Nancy – What was it like in the homeless camp?

Cheri – It was hard…most of the time that we were down there, it was during the winter time and the rainy was very difficult to even stay warm.

Nancy – Was it safer?

Cheri – Yeah I think it was in our camp…we had friends that were close enough by..if we needed help…they were close enough by.

Nancy – Are you connected with other homeless people in this area?

Cheri – Most people that I knew that were homeless, they did get into modulars but there are still a lot of people out there…and it’s hard…it’s a difficult place to be.

Nancy – Do you feel there is a sense of community among the homeless ?

Cheri – I don’t think so …as much right now…as there was before…because there was sense of we all trying to survive…there was more of a sense that you felt could walk down the street and knew you were safe because there were people who were going to watch..if anything happened they would step up. Now everybody is so scattered…the feeling of family and community is gone

Nancy – Tell us one thing about yourself that nobody else knows?

Cheri – I’m terrified of being alone.

Nancy – What’s the worst perception people have of the homeless?

Cheri – That we’re all bad people…that we’re all criminals…drug addicts

Nancy – What do you miss most?

Cheri – Being able to relax

Nancy – What needs to be done for the homeless?

Cheri – There needs to be more housing…more funding or something   . something needs to be done…so they can feel a sense of hope…there is no hope out there

Nancy – What about programs?

Cheri – All the resources that were avail have been taken away..the dinners at the Front Room…The Front Room…that was a place people could go and sit and relax and be able to breathe for a few minutes…they knew there was a meal there everyday at dinner time and they knew that they could connect with orher people and they could also connect with a housing worker …whatever they needed, they could get there. They don’t have that anymore.

Nancy – What would have changed your life?

Cheri – It’s hard to say

Nancy – What would help you overcome your challenges?

Cheri – Pople to be more understanding about where we’re coming from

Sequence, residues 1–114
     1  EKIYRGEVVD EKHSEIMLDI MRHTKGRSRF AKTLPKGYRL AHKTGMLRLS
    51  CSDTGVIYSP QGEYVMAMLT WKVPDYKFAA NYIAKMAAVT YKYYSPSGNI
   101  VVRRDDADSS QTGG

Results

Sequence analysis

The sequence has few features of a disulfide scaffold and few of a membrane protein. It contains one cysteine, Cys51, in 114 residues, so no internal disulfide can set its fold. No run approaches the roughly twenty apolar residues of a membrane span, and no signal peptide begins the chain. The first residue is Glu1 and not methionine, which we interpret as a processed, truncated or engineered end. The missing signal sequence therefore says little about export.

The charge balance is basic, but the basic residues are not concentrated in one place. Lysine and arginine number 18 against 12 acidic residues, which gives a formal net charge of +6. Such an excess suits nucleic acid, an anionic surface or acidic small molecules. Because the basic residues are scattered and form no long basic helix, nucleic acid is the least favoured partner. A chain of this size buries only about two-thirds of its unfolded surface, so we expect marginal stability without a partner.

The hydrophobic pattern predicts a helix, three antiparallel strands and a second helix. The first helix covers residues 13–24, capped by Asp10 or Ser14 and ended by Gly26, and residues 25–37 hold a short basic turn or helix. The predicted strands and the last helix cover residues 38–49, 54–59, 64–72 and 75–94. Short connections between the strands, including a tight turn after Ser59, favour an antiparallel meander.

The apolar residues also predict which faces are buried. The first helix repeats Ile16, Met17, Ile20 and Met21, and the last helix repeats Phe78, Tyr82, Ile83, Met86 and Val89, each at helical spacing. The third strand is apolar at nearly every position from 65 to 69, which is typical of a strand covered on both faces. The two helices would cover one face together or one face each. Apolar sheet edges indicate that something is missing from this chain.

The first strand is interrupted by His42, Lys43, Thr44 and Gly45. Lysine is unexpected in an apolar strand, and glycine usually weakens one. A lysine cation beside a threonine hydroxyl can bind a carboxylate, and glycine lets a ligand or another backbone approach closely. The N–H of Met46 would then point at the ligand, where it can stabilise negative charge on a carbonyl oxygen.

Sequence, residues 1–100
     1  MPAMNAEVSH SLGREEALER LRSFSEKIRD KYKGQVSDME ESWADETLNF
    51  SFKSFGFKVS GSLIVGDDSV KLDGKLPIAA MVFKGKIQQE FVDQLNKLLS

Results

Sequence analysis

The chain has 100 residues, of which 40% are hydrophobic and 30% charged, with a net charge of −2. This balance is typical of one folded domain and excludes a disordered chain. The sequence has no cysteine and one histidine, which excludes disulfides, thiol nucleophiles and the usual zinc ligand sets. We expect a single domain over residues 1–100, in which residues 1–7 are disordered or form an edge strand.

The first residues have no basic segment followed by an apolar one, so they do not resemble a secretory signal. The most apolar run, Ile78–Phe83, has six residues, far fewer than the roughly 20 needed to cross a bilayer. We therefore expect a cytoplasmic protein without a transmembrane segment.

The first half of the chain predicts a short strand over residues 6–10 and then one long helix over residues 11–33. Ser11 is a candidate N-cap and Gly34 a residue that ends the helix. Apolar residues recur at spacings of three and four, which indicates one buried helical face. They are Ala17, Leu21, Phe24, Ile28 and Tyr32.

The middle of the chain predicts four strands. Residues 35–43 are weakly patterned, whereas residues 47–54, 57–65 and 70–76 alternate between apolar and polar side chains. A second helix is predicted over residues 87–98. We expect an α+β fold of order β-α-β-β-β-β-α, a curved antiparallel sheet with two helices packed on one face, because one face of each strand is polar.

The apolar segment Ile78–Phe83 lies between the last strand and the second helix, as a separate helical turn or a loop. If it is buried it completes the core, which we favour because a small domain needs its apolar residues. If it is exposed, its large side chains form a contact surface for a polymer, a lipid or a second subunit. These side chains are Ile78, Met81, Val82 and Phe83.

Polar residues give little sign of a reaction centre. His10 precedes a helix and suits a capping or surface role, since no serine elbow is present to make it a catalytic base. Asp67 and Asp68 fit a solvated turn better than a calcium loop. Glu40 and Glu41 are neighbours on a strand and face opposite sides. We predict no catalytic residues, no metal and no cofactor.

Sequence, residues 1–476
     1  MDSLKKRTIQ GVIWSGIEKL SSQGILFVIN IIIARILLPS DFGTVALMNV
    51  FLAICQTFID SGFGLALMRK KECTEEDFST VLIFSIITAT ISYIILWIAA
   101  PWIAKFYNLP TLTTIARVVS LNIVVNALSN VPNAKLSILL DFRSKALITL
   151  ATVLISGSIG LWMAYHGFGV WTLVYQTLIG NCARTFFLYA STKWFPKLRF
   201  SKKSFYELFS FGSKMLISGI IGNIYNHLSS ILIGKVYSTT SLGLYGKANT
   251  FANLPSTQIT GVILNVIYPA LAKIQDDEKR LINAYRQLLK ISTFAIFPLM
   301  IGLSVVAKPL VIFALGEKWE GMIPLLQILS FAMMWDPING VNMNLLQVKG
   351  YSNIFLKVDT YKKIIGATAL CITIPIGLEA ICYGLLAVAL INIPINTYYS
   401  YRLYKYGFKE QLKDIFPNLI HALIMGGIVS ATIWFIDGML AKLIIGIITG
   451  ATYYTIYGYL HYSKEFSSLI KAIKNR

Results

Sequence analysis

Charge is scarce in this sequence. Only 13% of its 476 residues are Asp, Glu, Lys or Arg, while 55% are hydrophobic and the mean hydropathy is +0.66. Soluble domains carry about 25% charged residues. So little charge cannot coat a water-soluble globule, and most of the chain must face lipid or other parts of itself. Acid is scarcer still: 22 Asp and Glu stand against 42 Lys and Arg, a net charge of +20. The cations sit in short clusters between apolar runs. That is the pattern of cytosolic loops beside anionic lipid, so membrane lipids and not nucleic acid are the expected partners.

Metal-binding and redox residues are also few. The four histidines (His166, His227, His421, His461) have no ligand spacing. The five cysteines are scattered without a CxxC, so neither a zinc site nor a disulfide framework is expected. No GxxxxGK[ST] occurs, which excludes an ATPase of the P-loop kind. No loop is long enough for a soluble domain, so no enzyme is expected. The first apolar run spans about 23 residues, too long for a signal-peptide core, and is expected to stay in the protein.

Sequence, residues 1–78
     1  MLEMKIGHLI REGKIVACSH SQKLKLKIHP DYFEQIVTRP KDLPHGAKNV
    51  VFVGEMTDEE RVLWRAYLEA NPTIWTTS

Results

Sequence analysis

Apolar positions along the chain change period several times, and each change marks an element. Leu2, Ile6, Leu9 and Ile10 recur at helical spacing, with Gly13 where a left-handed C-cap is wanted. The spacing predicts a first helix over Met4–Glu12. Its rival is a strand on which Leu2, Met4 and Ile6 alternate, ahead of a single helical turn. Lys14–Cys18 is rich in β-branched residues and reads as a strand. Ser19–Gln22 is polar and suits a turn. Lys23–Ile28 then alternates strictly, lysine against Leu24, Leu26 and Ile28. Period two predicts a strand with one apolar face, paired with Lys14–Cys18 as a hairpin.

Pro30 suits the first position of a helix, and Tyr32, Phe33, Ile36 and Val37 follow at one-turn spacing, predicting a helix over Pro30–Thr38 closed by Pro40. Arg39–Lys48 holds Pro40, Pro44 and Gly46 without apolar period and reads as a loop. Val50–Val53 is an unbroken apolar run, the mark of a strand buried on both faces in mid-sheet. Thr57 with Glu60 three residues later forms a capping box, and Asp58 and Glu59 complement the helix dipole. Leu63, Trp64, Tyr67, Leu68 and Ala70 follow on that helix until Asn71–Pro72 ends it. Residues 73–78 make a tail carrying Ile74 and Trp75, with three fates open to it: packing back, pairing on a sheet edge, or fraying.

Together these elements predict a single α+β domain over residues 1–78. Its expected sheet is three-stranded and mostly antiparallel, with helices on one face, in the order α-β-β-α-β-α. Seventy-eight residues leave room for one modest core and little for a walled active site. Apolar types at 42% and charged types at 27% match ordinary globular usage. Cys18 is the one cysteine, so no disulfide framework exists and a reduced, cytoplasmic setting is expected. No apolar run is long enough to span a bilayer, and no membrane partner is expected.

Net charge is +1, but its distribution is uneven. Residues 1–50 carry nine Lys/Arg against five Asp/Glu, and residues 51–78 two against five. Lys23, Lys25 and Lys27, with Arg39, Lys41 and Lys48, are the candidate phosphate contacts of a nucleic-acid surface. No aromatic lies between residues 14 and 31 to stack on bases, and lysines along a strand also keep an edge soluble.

Nancy – What is your drug of choice?

Cheri – speed

Nancy – How do you manage that? What does it do for you?

Cheri – It keeps me going…it keeps me awake and it’s hard

Nancy – What is the highlight of the day?

Cheri – Right now, going home and being able to cook a meal in my kitchen

Nancy –  Stressful situations that you encounter on a daily basis?

Cheri – My landlord is in the hospital…we don’t know if he is going to make it, so we don’t know if our housing is secure or for how long…I could very well end up homeless

Nancy – How do you keep healthy?

Cheri – I try to properly and eat proper amounts of food…go bike riding…I do a lot of walking…and I take vitamins.

Nancy – How do you keep safe?

Cheri – I carry a weapon ever since last’s the only way to feel safe.

Nancy – Do you have any beliefs you live by?

Cheri – I try to stay true to myself and to my moral standard that I grew up with

Nancy – What is the best part of your day?

Cheri – Being able to go home

Nancy – Do people really want to solve the homelessness issue?

Cheri – Sometimes I wonder about politicans and their promises and all this stuff…never coming through with it…with what they say they are going to do but I mean…there are some people I think that they do want it to end.

Nancy – What does the future look like? What are your hopes and wishes for you?

Cheri – That I’m able to keep housing and go day by day
Nancy – What was your last steady job?

Cheri – I’m a peer support worker

Nancy – Do you have any kids?

Cheri – Yes I have two

Nancy –  One sentence to sum up your current situation?

Cheri – Struggling

Nancy – If you could tell your story to Premier Horgan or Prime Minister Trudeau, what would you say?

Cheri – Something needs to be done now, not tomorrow

Nancy – Final thoughts? What do you wish to see happen?

Cheri – Need more housing available because that is the biggest obstacle right now..there’s not enough…there’s not enough available…not enough places for people to rent

Nancy – Thank you very much for sharing your story with us. I really appreciate.

%d bloggers like this: